This article (Part 1) deals with “The General Stock Market in 1958” and “Results in 1958.” The next article (Part 2) will cover a typical investment situation and address the “current” investment environment (i.e., at the time the 1958 letter was written).
Please note that I don’t plan to summarize the entire first part of the 1958 letter, or repeat insights that were already covered in my previous articles. Rather, I plan to focus on a few quotes that highlight new and/or important investment ideas and wisdom. With that disclaimer out of the way, let’s jump in.
THE GENERAL STOCK MARKET IN 1958
Here are a couple of quotes that I found interesting in this section on “The General Stock Market in 1958.”
This passage makes it sound like speculation had entered the markets in 1958. Buffett didn’t know how long the speculators would stick around, or if their numbers would grow and push prices up, but he did believe that it was “valid to say that the longer their visit, the greater the reaction from it.”
“During the past year, almost any reason has been seized upon to justify ‘investing’ in the market. There are undoubtedly more mercurially-tempered people in the stock market now than for a good many years and the duration of their stay will be limited to how long they think profits can be made quickly and effortlessly. While it is impossible to determine how long they will continue to add numbers to their ranks and thereby stimulate rising prices I believe it is valid to say that the longer their visit, the greater the reaction from it.”
“…I do believe that wide-spread public belief in the inevitability of profits from investment in stocks will lead to eventual trouble.”
Buffett states that “almost any reason has been seized upon to justify ‘investing’ in the market.” This statement makes it sound like many market participants (perhaps blinded by greed) were desperately trying to convince themselves that it was reasonable or prudent to invest in the stock market. However, a cold, hard look at the facts would have probably dissuaded these individuals from investing in this speculative market.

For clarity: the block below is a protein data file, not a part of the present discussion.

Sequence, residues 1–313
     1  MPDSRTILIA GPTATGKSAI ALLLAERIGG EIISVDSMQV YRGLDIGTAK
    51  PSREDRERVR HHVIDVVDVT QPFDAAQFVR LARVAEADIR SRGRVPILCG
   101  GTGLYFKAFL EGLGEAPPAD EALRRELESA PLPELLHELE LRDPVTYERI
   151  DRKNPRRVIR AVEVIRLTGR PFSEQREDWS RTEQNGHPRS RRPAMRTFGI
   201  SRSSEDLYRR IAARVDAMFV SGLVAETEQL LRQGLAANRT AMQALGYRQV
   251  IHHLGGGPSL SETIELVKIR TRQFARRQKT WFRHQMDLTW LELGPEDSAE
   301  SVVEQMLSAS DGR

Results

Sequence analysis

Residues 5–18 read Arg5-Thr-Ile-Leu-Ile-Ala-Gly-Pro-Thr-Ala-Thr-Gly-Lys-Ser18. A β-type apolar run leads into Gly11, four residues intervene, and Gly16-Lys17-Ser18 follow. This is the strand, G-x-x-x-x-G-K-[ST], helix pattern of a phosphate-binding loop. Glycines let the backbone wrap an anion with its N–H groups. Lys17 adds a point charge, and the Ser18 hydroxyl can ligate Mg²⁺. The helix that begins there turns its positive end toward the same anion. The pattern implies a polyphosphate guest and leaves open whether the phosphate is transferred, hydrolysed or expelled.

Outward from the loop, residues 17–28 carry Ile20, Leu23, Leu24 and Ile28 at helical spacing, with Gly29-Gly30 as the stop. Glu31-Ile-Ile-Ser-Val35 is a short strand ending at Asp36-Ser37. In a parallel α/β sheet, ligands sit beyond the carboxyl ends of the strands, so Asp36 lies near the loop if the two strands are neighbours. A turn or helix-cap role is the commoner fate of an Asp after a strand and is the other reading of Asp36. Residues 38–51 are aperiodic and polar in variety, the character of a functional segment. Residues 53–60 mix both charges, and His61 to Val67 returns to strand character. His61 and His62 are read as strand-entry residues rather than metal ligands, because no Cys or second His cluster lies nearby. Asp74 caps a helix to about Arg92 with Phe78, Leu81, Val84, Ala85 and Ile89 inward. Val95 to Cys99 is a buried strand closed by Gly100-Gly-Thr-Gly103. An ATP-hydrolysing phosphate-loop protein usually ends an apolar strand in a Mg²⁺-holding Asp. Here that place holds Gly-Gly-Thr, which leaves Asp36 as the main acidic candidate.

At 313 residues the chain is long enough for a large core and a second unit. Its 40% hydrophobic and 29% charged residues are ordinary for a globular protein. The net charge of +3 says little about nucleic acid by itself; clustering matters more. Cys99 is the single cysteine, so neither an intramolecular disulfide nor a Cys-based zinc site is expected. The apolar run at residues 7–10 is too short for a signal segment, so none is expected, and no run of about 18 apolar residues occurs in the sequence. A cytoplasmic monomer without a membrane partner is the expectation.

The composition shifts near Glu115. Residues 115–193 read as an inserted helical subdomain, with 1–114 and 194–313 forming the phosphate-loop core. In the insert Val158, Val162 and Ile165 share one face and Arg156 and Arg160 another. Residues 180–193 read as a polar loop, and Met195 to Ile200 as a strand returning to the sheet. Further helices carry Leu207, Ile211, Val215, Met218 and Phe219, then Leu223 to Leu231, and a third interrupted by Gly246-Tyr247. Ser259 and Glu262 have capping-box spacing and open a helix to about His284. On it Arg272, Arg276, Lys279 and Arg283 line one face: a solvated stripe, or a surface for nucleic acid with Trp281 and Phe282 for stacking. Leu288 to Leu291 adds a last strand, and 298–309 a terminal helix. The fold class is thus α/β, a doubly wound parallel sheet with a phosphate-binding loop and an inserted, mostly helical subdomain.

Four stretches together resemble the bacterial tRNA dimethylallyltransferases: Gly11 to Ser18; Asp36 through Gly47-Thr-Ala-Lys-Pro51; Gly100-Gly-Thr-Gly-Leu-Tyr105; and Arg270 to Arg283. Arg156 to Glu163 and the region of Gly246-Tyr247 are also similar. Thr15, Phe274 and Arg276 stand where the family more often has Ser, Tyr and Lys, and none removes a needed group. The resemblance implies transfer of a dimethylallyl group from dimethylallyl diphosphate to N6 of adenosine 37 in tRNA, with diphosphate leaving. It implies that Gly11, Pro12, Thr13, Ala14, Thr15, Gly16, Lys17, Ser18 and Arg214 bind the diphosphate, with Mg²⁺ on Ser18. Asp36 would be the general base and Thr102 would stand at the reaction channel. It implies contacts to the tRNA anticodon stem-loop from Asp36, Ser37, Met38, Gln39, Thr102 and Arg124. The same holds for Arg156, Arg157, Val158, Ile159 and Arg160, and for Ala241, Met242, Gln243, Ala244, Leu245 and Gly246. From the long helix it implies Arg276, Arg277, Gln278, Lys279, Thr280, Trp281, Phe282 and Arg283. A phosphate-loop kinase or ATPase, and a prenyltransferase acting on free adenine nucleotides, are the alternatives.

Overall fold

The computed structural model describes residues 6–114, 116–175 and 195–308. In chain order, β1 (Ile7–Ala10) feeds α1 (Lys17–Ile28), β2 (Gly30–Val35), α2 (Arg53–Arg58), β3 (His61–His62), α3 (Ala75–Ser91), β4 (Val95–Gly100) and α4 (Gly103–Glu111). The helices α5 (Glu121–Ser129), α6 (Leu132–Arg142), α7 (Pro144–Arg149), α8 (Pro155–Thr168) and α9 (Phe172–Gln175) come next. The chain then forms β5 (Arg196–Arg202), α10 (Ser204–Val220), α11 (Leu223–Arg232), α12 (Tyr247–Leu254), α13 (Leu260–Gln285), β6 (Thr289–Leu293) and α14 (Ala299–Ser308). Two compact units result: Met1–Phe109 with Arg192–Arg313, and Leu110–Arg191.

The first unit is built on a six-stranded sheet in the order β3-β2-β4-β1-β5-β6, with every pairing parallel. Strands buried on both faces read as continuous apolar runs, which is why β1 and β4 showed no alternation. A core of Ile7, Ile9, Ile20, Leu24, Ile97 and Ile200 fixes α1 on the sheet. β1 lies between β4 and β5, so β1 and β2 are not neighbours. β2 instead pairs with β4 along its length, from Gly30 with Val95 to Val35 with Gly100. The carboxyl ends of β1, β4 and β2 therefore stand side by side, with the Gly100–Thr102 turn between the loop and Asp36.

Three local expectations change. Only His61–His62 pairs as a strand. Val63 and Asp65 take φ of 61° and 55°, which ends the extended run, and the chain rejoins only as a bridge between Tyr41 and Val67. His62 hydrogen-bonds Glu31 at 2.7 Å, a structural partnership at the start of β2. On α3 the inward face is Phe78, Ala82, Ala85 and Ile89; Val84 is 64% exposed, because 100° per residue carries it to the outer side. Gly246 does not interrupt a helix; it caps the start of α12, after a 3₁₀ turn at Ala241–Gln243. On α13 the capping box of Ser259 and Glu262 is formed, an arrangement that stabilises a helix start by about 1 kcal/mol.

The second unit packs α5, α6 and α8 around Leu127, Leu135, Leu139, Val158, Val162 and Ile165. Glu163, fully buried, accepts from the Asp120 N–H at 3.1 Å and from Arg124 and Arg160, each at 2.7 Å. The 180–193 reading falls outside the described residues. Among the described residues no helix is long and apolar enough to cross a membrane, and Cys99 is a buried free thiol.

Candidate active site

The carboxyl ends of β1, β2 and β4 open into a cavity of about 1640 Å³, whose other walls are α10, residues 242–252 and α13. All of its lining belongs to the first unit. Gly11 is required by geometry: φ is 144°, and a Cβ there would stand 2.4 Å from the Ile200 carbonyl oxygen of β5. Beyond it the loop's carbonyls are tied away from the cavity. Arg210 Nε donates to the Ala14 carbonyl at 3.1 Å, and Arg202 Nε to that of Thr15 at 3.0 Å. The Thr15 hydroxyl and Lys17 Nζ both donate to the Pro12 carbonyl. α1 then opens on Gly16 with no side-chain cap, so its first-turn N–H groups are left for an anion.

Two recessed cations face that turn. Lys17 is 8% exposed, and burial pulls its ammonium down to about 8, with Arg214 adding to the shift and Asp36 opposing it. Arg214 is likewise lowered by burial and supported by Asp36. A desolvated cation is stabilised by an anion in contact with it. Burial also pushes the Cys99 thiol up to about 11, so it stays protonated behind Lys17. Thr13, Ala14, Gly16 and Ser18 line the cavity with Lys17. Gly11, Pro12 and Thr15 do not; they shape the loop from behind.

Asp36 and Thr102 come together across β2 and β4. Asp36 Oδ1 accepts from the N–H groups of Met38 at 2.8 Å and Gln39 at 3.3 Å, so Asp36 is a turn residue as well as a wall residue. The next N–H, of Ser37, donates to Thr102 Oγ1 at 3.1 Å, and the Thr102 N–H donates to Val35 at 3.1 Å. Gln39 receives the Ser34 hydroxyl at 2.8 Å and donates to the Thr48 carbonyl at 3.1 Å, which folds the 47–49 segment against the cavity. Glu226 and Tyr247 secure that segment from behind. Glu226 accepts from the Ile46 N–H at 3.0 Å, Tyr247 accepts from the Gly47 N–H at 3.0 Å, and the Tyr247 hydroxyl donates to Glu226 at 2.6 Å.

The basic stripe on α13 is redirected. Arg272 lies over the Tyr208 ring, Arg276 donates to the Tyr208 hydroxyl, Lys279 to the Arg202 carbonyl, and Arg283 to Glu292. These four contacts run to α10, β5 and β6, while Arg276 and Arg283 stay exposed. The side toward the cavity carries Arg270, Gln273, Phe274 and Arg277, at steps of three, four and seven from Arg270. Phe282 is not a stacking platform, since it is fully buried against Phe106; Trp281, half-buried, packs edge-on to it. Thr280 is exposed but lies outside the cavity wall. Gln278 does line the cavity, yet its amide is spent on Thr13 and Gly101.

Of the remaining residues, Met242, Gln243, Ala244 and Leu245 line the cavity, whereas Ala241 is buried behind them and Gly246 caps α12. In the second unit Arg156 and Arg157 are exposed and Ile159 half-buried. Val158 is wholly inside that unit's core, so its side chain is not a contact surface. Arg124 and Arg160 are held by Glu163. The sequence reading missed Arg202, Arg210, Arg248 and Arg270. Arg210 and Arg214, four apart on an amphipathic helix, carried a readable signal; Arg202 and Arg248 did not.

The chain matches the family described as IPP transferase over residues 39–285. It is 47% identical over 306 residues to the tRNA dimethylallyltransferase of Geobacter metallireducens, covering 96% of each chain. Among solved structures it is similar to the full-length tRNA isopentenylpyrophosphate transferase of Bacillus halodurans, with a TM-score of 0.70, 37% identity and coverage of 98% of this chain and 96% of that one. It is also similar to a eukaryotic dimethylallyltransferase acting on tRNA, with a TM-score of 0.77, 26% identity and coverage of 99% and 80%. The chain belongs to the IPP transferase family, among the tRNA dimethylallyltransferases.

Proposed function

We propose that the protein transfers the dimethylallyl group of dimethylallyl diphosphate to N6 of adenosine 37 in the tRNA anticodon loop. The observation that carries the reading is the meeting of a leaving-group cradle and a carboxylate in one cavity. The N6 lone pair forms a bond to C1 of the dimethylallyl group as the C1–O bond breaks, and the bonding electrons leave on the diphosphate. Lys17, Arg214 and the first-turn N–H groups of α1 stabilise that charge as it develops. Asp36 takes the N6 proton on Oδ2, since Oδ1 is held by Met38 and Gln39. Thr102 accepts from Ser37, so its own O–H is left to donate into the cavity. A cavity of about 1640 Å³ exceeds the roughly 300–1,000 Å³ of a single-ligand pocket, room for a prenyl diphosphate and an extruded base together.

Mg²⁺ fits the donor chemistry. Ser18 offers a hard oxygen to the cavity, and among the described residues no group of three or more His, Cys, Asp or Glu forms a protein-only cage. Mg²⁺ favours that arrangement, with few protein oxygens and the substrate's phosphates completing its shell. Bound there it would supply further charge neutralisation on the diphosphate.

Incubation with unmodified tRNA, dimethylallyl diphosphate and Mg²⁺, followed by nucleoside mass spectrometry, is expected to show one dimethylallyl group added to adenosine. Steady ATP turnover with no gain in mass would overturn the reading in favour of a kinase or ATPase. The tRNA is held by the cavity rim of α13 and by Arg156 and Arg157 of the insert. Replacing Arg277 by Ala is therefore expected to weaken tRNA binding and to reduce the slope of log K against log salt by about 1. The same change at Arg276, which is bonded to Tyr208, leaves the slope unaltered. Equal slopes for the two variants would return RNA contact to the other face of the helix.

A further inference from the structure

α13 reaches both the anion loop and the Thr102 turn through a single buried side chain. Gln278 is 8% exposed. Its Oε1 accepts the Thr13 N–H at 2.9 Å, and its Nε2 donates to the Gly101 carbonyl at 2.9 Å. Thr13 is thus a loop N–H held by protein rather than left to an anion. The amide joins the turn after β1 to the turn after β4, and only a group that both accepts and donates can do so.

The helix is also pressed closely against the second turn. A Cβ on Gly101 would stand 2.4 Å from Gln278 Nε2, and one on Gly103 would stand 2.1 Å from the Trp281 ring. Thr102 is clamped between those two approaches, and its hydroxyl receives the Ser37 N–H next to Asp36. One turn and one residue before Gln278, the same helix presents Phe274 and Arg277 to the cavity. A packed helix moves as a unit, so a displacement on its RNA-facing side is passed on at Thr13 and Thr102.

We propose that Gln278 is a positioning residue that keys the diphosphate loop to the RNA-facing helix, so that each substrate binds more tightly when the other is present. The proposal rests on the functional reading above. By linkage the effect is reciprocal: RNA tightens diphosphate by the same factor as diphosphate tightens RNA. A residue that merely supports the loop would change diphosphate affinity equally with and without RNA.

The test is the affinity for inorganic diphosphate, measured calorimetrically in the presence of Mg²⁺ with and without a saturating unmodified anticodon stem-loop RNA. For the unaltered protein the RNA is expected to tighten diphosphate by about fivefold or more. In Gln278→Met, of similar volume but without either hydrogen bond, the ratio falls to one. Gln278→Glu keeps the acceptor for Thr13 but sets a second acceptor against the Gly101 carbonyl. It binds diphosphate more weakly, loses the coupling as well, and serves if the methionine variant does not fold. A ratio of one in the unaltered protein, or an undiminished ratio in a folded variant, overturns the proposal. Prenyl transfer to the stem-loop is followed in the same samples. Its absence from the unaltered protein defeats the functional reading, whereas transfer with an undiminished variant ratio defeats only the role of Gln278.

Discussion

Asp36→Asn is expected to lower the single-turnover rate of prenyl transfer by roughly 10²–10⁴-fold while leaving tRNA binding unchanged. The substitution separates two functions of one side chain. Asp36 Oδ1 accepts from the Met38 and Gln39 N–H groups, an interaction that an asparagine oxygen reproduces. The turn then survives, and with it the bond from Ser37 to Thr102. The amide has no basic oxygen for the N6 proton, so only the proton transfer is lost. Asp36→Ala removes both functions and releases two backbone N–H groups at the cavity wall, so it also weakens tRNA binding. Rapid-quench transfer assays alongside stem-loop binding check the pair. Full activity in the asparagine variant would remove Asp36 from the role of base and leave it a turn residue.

This passage is cautionary in its tone. It implies that investors should scrutinize the facts and reasoning for making an investment and come to their own conclusions/decisions (and not just take investment cues from the price action of the market).
This passage also seems to hint at the fact that investors need to be extra cautious in their analysis and decision-making when they are dealing with popular or widely-held investments.
RESULTS IN 1958
According to the 1958 partnership letter, the Dow-Jones industrial average had an overall gain of 38.5% in 1958. The letter goes on to say:
Below are a couple of observations:
[i]“The five partnerships that operated throughout the entire year obtained results averaging slightly better than this 38.5%. Based on market values at the end of both years, their gains ranged from 36.7% to 46.2%. Considering the fact that a substantial portion of assets has been and still is invested in securities, which benefit very little from a fast-rising market, I believe these results are reasonably good. I will continue to forecast that our results will be above average in a declining or level market, but it will be all we can to do keep pace with a rising market.”[/i]
1) At least one of the partnerships underperformed the Dow in 1958 (i.e., had an overall gain of 36.7% versus 38.5%). This is only noteworthy because you don’t often see Buffett, in his partnership days, underperform the averages. However, the average result of the partnerships was actually slightly better than that of the Dow.
2) Even though a “substantial portion of assets has been and still is invested in securities, which benefit very little from a fast-rising market,” the “five partnerships that operated throughout the entire year obtained results averaging slightly better than this 38.5%.” This is an impressive result. It almost sounds like the partnership’s portfolio of generally undervalued securities did well enough in 1958 to offset the underperformance of its other securities that didn’t benefit as much from the fast rising market. But that’s just my interpretation. It’s always possible that there’s another explanation for the partnership’s 1958 performance.
Anyway, thanks for taking the time to read my thoughts on Part 1 of the 1958 Buffett partnership letter. I hope you’ll join me for Part 2 of the letter.
Links to other articles in the Buffett Partnership Series:
Next article: Buffett Partnership Letter Series – 1958 (Part 2)
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Introduction: Buffett Partnership Letter Series